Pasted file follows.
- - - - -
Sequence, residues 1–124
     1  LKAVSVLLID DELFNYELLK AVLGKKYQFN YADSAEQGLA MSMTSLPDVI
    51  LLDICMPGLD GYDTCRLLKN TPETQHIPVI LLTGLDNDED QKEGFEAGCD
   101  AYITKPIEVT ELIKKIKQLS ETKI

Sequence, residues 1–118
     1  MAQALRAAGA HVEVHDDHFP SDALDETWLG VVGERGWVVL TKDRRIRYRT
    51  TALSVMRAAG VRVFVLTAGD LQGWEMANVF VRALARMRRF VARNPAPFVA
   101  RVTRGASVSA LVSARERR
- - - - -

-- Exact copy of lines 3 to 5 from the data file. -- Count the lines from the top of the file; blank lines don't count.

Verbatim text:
    51  LLDICMPGLD GYDTCRLLKN TPETQHIPVI LLTGLDNDED QKEGFEAGCD
   101  AYITKPIEVT ELIKKIKQLS ETKI

Sequence, residues 1–118